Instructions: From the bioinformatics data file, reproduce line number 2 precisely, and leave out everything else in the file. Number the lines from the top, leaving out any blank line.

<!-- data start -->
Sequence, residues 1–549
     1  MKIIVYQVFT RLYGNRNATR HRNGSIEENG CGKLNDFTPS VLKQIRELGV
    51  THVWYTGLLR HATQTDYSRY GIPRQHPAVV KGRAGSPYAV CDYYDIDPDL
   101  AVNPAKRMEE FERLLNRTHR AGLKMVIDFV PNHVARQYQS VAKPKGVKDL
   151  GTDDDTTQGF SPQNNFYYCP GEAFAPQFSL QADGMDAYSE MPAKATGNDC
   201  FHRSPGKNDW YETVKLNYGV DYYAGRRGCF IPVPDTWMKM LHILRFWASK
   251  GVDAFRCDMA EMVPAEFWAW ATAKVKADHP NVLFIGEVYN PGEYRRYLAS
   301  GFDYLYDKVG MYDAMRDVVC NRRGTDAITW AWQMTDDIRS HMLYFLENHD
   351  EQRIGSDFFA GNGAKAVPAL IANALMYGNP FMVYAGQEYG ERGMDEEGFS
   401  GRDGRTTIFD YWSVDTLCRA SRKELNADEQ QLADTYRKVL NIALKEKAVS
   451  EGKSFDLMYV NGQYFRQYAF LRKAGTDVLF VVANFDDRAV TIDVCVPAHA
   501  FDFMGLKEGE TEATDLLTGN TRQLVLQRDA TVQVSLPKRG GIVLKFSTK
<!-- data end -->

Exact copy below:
     1  MKIIVYQVFT RLYGNRNATR HRNGSIEENG CGKLNDFTPS VLKQIRELGV